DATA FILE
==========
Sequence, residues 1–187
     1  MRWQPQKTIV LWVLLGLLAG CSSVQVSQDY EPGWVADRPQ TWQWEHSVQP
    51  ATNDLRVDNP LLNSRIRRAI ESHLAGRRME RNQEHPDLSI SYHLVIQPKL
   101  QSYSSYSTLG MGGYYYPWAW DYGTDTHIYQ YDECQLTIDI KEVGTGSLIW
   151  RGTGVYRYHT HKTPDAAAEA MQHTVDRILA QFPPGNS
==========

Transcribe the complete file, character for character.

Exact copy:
Sequence, residues 1–187
     1  MRWQPQKTIV LWVLLGLLAG CSSVQVSQDY EPGWVADRPQ TWQWEHSVQP
    51  ATNDLRVDNP LLNSRIRRAI ESHLAGRRME RNQEHPDLSI SYHLVIQPKL
   101  QSYSSYSTLG MGGYYYPWAW DYGTDTHIYQ YDECQLTIDI KEVGTGSLIW
   151  RGTGVYRYHT HKTPDAAAEA MQHTVDRILA QFPPGNS